Two New Jersey cases have sustained charges of malicious prosecution of groundless claims. In both cases the defendants knew that their prior proceedings were based on false allegations or false testimony. In Devlin, supra, a suit against a private investigator was sustained when that investigator provided false information for a client seeking divorce. That information indicated the client's wife was involved with another man, the plaintiff in the malicious prosecution action. The information was fabricated for the purpose of the divorce action, and it was clear that the lawsuit was promoted without probable cause.
In Seidel v. Greenberg, 108 N.J. Super. 248 (Law Div.1969), the plaintiff was prosecuted for arson when, in fact, his employers were guilty of the offense and fully aware of his innocence. Although the employers did not bring the criminal charges, the Law Division found that their actions set the prosecution in motion and permitted its continuance. As in Devlin, there was an underlying offensive litigation based not on evidence, albeit speculative, but on false allegations established or promoted by
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the defendant. The offensive proceedings were groundless -- that is, no facts were present upon which the lawsuit or prosecution rested.
This court now holds that in light of the disfavored nature of these actions, the burden to investigate prior to instituting suit is slight. Parties may rely on facts which they believe to be true and which, supplemented by subsequent pretrial discovery, would reasonably support a suit. To hold otherwise would be to unnecessarily restrict legitimate litigation.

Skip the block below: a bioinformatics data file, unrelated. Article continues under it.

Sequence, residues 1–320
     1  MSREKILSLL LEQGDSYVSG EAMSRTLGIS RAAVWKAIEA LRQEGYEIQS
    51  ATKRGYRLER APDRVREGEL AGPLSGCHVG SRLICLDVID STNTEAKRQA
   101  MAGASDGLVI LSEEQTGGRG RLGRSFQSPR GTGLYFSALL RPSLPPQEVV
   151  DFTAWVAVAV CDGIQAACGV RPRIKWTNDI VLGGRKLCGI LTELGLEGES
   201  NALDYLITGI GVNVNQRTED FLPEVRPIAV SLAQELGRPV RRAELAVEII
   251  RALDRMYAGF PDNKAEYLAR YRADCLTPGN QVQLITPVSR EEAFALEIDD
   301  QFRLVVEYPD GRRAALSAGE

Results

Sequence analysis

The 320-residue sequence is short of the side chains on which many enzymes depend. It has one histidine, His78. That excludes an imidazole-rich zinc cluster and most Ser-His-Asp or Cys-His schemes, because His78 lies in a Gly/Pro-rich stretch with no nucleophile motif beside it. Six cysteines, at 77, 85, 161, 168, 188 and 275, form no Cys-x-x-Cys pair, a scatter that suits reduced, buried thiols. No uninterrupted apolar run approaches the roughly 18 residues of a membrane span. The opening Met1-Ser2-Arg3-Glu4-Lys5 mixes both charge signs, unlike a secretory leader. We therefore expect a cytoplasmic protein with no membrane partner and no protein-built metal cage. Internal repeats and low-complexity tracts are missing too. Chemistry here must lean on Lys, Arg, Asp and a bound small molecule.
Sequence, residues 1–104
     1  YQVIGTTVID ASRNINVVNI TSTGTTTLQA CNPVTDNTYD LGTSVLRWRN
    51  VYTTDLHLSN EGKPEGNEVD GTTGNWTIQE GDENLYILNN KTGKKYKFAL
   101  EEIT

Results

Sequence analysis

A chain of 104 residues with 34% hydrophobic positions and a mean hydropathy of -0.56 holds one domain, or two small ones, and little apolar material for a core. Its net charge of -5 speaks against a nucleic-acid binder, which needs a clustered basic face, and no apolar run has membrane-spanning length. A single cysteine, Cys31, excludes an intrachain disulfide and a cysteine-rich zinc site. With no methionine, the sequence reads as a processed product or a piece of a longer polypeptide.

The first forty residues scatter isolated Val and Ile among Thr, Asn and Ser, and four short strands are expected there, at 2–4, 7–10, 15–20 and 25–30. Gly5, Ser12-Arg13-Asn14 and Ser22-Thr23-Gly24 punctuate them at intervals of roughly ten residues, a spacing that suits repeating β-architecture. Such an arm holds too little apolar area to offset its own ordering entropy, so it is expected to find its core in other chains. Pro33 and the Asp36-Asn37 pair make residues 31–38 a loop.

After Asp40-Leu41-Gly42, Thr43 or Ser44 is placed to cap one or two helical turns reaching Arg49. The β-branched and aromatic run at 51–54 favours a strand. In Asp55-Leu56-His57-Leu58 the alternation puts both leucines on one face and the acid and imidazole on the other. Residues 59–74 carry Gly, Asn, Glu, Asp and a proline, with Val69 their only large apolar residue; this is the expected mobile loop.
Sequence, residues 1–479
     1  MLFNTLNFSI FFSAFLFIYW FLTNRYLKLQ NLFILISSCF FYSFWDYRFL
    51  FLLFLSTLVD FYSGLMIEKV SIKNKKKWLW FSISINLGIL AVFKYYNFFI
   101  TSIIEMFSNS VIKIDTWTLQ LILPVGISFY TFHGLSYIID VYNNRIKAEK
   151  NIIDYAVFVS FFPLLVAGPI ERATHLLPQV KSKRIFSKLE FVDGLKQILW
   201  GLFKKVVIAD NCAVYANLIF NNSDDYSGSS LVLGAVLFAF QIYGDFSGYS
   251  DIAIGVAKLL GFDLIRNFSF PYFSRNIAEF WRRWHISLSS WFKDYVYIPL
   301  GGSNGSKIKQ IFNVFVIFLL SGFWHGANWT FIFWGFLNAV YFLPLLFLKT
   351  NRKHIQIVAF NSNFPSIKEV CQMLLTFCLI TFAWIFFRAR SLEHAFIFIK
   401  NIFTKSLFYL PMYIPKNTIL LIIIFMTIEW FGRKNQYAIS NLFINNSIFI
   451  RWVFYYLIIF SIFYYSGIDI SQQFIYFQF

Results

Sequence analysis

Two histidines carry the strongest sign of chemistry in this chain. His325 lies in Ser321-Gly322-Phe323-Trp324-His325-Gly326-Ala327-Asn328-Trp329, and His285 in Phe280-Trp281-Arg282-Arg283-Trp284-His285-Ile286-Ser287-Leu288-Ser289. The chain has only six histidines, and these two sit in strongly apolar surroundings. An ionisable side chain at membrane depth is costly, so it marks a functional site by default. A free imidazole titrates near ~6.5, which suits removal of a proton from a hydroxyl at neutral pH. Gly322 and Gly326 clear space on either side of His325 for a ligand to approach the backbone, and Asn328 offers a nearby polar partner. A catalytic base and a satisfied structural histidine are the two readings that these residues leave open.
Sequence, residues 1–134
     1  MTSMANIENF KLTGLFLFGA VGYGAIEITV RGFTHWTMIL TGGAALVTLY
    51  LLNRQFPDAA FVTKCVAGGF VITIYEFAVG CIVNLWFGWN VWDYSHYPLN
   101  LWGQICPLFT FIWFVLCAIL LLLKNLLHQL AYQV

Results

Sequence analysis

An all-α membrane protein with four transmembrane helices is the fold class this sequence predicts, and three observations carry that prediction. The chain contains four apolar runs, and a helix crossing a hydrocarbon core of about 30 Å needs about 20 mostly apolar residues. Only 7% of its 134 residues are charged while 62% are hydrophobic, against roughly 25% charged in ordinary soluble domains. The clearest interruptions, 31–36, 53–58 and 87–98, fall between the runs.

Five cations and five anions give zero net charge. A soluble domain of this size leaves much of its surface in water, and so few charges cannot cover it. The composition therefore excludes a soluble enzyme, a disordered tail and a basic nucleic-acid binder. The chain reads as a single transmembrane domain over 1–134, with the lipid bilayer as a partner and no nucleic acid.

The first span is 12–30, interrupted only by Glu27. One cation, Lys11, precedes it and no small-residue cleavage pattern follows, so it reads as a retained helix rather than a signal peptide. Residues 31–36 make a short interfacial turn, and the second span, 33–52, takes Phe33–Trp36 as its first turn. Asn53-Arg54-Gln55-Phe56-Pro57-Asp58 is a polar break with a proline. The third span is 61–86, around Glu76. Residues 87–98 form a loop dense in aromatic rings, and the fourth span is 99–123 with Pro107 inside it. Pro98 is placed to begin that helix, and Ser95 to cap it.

On a motion for summary judgment, the court must give all favorable inferences to plaintiff's version of events, and disposition of this motion will be based thereon. Judson v. People's Bank & Trust Co. of Westfield, 17 N.J. 67 (1954). It is undisputed that teachers were under surveillance, telephone conversations were recorded and mail was intercepted. Dr. Paul's version is that the only source of this information received by defendants was Charles McCarty, and that at least one month prior to the filing of the first complaint he had refused to sign an affidavit supporting his earlier statements and indicated to some of defendants that his earlier statements were based on rumor and speculation. Defendants dispute this version.
Assuming, as this court must, plaintiff's version of the events is true, defendants had meager grounds, indeed, to pursue these actions. Yet, however meager, it was not totally unreasonable for them to believe that these now questionable allegations raised by a member of the board of education could be established to the satisfaction of a court after adequate discovery had been completed. In short, the lawsuits and administrative actions started by these defendants were not groundless. While the source of the information was clearly not impeccable and perhaps was ready to make an "about face," it cannot be said that defendants' decision to proceed was based on facts they knew to be untrue. To the contrary, the evidence before the court suggests that the parties believed in the truth
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of their allegations. This court, in passing, notes that many of defendants' allegations were accurate although the conduct proved to be quite legal. Defendants had sufficient information which, coupled with pretrial discovery, reasonably led them to believe that they had a cause of action.
The offensive actions were instituted with sufficient probable cause to defeat plaintiff's claims. The complaint is dismissed.